Monday, August 24, 2009

The Joy of Uncertainty

The human mind reflexively resists perceiving new information that conflicts with existing beliefs. Psychologists call the process Cognitive Dissonance. I call it a pain in my virtual ass.

The more strongly a person believes something to be true, the less he or she can even consider contrary evidence, especially if there is a strong emotional element related to the topic. It is so stressful to be confronted with sensory data contradicting a deeply held belief, that the mind refuses to process the new information. Since there is usually a significant difference between the world as it is, and our mental perception of it, we often experience stressful emotions when it's brought to our desperately resisting attention.

This is very easy to see in others and almost impossible to see within ourselves without concerted intentional effort. Although Cognitive Dissonance is a built-in aspect of sentient beings, there are practices a willing and persistent individual can use to decrease its impact. One method I've mentioned a few times here is The Work of Byron Katie. I went through the "Four Questions" exercise in a past post to show how it works.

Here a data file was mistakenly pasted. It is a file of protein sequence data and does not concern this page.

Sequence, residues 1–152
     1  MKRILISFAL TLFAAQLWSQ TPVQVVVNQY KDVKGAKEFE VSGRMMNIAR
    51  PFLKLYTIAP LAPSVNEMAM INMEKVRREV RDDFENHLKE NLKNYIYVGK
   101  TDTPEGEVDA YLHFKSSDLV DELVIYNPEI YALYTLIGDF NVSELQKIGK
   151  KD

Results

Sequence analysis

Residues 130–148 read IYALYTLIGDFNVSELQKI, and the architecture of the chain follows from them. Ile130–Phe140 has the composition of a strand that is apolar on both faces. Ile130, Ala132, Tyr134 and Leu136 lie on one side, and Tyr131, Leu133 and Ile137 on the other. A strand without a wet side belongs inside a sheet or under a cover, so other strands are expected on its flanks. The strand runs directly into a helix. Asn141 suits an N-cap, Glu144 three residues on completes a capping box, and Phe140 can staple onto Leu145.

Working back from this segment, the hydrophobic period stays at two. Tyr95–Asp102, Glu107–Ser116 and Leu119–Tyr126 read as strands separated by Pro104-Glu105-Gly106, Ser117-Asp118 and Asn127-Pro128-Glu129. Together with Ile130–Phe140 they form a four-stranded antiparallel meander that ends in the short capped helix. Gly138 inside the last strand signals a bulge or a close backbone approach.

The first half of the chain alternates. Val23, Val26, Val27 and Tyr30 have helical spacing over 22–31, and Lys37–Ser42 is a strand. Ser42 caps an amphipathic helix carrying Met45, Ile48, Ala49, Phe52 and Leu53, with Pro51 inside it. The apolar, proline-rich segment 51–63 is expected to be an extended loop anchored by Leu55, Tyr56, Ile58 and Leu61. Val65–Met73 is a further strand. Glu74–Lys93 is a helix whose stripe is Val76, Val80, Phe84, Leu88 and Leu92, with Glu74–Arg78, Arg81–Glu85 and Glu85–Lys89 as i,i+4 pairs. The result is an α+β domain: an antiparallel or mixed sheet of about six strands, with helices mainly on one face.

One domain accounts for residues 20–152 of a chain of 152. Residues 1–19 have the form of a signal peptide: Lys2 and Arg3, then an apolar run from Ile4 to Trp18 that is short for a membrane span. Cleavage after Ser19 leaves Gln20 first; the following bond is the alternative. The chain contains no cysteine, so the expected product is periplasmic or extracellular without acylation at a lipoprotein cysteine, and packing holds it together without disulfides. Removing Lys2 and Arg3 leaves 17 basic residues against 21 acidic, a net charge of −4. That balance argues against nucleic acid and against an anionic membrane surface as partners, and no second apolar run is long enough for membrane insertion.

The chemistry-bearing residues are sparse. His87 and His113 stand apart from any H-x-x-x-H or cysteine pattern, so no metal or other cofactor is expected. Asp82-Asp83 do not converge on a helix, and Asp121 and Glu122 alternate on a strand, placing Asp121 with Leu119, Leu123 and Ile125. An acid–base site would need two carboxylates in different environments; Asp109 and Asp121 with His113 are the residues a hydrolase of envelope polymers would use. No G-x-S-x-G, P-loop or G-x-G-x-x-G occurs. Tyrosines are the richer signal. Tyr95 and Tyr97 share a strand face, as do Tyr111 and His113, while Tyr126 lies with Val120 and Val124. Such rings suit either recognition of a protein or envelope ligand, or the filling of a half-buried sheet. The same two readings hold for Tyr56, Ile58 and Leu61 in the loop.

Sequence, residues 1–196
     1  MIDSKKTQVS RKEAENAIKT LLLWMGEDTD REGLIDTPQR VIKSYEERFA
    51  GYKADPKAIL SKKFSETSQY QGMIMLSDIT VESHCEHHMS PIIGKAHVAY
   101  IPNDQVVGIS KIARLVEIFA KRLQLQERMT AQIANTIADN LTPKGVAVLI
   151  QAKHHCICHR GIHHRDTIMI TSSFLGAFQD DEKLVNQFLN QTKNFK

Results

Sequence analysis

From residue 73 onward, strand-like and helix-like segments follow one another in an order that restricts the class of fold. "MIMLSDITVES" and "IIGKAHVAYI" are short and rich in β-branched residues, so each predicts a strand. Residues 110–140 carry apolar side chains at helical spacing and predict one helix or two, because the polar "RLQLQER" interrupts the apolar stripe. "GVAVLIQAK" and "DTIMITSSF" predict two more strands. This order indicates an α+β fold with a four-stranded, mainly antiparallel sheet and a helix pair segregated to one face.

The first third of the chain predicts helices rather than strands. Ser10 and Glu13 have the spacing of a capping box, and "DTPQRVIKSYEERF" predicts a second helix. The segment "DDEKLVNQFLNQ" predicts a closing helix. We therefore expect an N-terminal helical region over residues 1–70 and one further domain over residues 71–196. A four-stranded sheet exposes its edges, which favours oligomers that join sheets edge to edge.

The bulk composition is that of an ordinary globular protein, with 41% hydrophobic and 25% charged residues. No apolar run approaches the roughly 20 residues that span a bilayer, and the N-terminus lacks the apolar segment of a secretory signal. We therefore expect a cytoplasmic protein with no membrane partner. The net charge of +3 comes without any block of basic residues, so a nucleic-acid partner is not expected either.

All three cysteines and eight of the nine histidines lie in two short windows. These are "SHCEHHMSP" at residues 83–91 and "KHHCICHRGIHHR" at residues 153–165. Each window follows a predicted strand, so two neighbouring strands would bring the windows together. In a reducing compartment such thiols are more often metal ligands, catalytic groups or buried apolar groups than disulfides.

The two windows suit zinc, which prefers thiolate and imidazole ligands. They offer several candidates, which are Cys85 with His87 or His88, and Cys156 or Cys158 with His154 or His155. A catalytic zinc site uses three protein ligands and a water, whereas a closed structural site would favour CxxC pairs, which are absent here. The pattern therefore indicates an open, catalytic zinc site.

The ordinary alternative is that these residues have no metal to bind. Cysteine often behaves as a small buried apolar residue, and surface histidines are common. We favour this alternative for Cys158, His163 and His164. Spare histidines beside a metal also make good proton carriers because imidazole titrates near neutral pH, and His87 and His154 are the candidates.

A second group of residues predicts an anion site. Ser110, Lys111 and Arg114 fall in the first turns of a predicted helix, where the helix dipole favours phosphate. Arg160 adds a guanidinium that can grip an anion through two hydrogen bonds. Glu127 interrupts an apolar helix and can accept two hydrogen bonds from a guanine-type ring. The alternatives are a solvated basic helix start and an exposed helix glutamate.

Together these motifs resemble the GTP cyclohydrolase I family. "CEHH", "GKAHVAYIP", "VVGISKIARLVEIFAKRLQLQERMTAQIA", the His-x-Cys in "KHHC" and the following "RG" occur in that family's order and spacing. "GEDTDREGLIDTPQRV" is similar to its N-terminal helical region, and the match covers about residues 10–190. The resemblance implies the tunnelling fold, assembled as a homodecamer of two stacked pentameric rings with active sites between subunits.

I invite you to join me in giving it a try after downloading the Judge Your Neighbor Worksheet and the Facilitation Guide. I will share a new worksheet on the topic of "being flamed" with you next post. Till then, I wish us all the Joy of Uncertainty.
All of our sufferings derive from our habits
Of selfish delusions we heed and act out
As all of us share in this tragic misfortune,
Which stems from our narrow and self-centred ways,
We must take all our sufferings and the miseries of others
And smother our wishes of selfish concern.
From The Wheel of Sharp Weapons

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